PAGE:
In like manner he is apprised of the set and velocity of the sea currents, the variation of the compass observed, the temperature of the water, and such other facts as may have been noted; all tending to a more general and correct knowledge of wind and weather, and thus furnishing new helps towards making ocean pavigation more safe, speedy, and sure.

In consequence of his investigations, Lieut. Maury has been induced to recommend a more northerly route than the one usually taken by vessels in the European trade. This recommendation is made not only on the princi. ples of great-circle sailing, as being nearer, but also on account of the winds, which are in that region believed to be more favourable. The log book of Capt. Mumford, of the ship Wisconsin, lately arrived at New York from Liverpool, has been, with many others, exhibited to your committee. The Wisconson had Lieut. Maury's charts on board, and kept well to the north, as recommended by him. She arrived at her port of destination twelve days before two other ships which sailed in company, but which went farther to the south. It is not claimed that such a difference will invariably occur in the length of passage by the two routes, but the result we record is nevertheless full of significance, and indicates the great importance and value to be attached to the subject under consideration. If the voyage across the Atlantic can be shortened but a day or two, commerce will still reap impor. tant benefits." —Bombay Paper.

A MAN AFLOAT IN THE MID OCEAN.-Letters from Havana, dated Feb. 3rd, Darrate a second remarkable rescue in mid ocean.—“On the morning of the 28th, at 3 o'clock, as the bark Oregon, Thompson, from Frankfort for Havana, was nearing the coast of Cuba, and distant some twenty miles, the attention of the officers of the ship and the watch on deck, was attracted by a singular noise near the ship in the water, not seemingly the voice of a human being in distress, but which led to examination of the surface, as far as the eye could reach, without ascertaining any object floating upon it. The ship passed on its way a half-mile or more, when the captain impressed with the sentiment that life was at hazard, ordered his ship about.

The singular sound was again heard, the boat lowered, and a life saved, Jaines Thompson, a Prussian by birth, after having obtained strength to give utterance to words, reported that he fell overboard from the ship Ocean Star, bound from New Orleans to Boston, at 6 o'clock the previous evening, that he fell through the head, and the vessel passed over him, and he presumes that it was not observed on board in time to render him assistance. He reinained six hours without anything to aid in sustaining himself, as he thinks, but some three hours before he was picked up througă the providence of Capt. Thompson, he struck a floating board of some three feet in length and one foot in width, which buoyed him, and enabled him to rest.”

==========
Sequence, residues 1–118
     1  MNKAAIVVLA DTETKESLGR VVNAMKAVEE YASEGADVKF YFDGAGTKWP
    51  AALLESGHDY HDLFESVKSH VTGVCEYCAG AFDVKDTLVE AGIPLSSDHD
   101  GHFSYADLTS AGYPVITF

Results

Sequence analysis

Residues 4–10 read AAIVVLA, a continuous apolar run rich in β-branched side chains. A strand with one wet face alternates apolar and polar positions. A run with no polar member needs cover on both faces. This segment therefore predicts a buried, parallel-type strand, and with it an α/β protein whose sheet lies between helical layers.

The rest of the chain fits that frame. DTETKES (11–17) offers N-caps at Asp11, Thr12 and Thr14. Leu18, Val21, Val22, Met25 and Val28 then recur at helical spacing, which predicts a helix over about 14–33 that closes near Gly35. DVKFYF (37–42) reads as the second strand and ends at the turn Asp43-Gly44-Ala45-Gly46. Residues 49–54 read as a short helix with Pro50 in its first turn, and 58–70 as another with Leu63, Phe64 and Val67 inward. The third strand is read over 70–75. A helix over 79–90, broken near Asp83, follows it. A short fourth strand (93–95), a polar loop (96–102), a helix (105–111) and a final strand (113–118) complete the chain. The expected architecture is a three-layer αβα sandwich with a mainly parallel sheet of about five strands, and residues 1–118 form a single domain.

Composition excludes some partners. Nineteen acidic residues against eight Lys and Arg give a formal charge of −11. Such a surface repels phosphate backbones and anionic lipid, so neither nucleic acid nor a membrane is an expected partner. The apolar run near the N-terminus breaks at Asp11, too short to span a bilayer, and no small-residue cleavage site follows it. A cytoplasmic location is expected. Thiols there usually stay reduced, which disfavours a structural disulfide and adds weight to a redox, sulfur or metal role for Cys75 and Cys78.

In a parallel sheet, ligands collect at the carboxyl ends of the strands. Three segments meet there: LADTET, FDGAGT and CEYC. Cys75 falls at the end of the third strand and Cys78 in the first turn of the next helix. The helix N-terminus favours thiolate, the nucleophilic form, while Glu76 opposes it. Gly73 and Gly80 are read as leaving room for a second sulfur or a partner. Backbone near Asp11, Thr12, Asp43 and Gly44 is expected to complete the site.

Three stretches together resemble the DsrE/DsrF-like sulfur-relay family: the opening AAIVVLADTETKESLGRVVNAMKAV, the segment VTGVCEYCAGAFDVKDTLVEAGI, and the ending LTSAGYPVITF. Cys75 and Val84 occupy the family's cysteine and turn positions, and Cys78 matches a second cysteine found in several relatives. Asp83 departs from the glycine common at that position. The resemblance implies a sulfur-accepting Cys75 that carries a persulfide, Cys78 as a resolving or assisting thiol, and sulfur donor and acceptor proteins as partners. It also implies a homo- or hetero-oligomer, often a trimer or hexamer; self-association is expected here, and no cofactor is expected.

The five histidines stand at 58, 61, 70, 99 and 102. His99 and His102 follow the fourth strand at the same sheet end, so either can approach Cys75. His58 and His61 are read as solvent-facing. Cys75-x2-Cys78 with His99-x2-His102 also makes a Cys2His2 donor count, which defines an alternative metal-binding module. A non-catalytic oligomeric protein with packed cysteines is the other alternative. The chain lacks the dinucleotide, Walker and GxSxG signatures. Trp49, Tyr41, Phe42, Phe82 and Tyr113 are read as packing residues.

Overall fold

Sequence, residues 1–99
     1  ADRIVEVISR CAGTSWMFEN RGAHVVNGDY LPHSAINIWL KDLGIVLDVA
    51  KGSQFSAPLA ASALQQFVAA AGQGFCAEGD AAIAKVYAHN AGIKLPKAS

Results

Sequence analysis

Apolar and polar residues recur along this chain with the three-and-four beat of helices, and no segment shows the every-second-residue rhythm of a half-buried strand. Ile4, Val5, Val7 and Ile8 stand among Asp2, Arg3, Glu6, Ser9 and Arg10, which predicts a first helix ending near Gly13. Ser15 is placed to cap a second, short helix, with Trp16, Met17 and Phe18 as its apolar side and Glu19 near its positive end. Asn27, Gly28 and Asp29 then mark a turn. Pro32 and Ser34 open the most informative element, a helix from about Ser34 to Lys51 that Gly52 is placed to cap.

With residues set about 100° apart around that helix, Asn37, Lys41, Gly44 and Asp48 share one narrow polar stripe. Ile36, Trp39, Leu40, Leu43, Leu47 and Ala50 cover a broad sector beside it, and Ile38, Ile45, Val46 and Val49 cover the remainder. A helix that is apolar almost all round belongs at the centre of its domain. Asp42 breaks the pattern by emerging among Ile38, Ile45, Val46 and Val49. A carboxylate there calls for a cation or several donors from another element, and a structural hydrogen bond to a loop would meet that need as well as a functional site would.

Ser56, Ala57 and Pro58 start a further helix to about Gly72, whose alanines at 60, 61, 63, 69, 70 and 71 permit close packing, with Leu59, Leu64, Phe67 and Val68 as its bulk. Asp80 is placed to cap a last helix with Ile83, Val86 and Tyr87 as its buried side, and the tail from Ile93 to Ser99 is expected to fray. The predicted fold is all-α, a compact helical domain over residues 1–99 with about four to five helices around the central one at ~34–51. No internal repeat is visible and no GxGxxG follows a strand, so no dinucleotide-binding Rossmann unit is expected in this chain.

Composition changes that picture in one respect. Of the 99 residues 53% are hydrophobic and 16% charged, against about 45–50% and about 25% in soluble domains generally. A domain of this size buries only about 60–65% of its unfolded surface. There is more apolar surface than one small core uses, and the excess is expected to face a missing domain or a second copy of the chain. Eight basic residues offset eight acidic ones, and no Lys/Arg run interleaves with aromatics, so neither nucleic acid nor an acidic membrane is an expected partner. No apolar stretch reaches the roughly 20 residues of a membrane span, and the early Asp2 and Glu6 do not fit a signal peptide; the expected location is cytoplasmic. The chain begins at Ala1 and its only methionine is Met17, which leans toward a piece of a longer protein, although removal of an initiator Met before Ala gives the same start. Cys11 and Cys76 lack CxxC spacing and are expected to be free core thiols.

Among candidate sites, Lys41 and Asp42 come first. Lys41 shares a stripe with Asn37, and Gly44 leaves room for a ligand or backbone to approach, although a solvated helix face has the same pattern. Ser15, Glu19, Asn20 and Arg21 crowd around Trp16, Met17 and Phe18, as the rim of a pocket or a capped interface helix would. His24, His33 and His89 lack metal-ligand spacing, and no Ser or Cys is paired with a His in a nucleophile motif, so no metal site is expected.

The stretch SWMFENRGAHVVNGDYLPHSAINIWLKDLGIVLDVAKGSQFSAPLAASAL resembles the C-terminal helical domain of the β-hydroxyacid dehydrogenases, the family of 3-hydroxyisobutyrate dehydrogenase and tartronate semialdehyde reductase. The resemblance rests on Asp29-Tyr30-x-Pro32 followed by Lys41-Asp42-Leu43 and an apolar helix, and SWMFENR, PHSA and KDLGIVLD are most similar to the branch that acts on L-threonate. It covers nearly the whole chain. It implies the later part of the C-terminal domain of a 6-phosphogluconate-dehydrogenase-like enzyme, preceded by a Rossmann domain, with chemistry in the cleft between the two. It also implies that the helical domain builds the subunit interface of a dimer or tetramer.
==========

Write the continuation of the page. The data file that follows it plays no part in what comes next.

Models or Frigates, Yachts, AND STEAMERS. We lately noticed the launch of a splendid steamer for the Turkish government, constructed by the Messrs. White, of Cowes. _The public will be glad to learn in these exciting times of the race between England and America, that that talented family is on the qui vive, and are preparing a series of models, China clippers and others, to form a new class of merchant ships, and which are destined to be exhibited at the Chrystal Palace, at the ensuing exhibition of the world's industry. There can be no mistake that our little island bears the palm in ship-building, both in Her Majesty's Navy and Mercantile Marine, as it does of her phantom ships, which may be found in every Royal Yacht Club. Mr. Joseph White is also preparing models of all the ships he has built and altered for the Government, including the renowned Phæton, the Waterwitch, the Daring, the Contest, and Termagant; with those of the altered bows of the Amphion and Fox frigates ; also a few specimens of his schooner and cutter yachts. The Queen Victoria schooner, built for the Emperor of Russia, the schooner Constunce, for the Marquis of Conyngham, and the cutter Lavrock, now building in his yard for Capt. C. Hamlyn Williams, R.N.; also a model of a schooner, designed to compete with the Yankee clipper yacht, which is to astonish “ the Britishers." We understand that Mr. Thomas White, of Gosport, is also “ up and doing," so that the talents of a whole family will be exhibited for the honour of their country. Independent of this branch of service, the island will not be backward in sending forth specimens of her industry and manufactures.-Sun.

RAMBLES IN WESTERN INDIA.- Versova, Surat. The shore continues pleasing and picturesque-cocoa-nut groves, occasionally interrupted by high black masses of rock, skirting the beach; the beautiful hills of Salsette, occasionally surmounted by a ruined Portuguese church, closing up the back ground. A little north of Versova, the estuary running up to the town, and so round the Island of Bassein,-a continuation of it stretching away round by Tannah, and so returning to Bombay harbour after encircling the islands of Salsette and Trombay, opens on the view. The beauty of the scenery and charms of the sail throughout this creek in either direction can rarely be surpassed; of this, however, we shall by-and-bye have occasion to speak. The walls, towers, and churches of Bassein are clearly distinguishable over the rocks and amongst the trees. The coast now becomes much more bold than before; the country round Mahim rising in finely rounded conical hills from the shore. The large massy works of Danoo, a native fort, of apparently great size and strength, flanked at the gates and angles with huge round towers forms another eminently picturesque object from a coasting vessel.